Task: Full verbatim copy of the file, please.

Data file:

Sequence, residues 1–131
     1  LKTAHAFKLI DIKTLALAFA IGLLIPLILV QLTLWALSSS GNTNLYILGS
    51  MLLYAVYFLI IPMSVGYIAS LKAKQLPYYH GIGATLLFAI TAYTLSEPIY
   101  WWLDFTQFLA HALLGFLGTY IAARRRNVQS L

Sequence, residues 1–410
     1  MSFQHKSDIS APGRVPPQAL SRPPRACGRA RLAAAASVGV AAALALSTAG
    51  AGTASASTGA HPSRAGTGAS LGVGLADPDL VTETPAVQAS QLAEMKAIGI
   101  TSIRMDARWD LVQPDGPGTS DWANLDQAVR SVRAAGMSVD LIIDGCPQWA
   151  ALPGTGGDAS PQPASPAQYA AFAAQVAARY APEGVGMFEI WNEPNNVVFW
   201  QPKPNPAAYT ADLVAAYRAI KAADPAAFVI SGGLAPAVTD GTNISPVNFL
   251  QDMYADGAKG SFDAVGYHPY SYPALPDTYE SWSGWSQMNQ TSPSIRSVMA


Sequence, residues 1–131
     1  LKTAHAFKLI DIKTLALAFA IGLLIPLILV QLTLWALSSS GNTNLYILGS
    51  MLLYAVYFLI IPMSVGYIAS LKAKQLPYYH GIGATLLFAI TAYTLSEPIY
   101  WWLDFTQFLA HALLGFLGTY IAARRRNVQS L

Sequence, residues 1–410
     1  MSFQHKSDIS APGRVPPQAL SRPPRACGRA RLAAAASVGV AAALALSTAG
    51  AGTASASTGA HPSRAGTGAS LGVGLADPDL VTETPAVQAS QLAEMKAIGI
   101  TSIRMDARWD LVQPDGPGTS DWANLDQAVR SVRAAGMSVD LIIDGCPQWA
   151  ALPGTGGDAS PQPASPAQYA AFAAQVAARY APEGVGMFEI WNEPNNVVFW
   201  QPKPNPAAYT ADLVAAYRAI KAADPAAFVI SGGLAPAVTD GTNISPVNFL
   251  QDMYADGAKG SFDAVGYHPY SYPALPDTYE SWSGWSQMNQ TSPSIRSVMA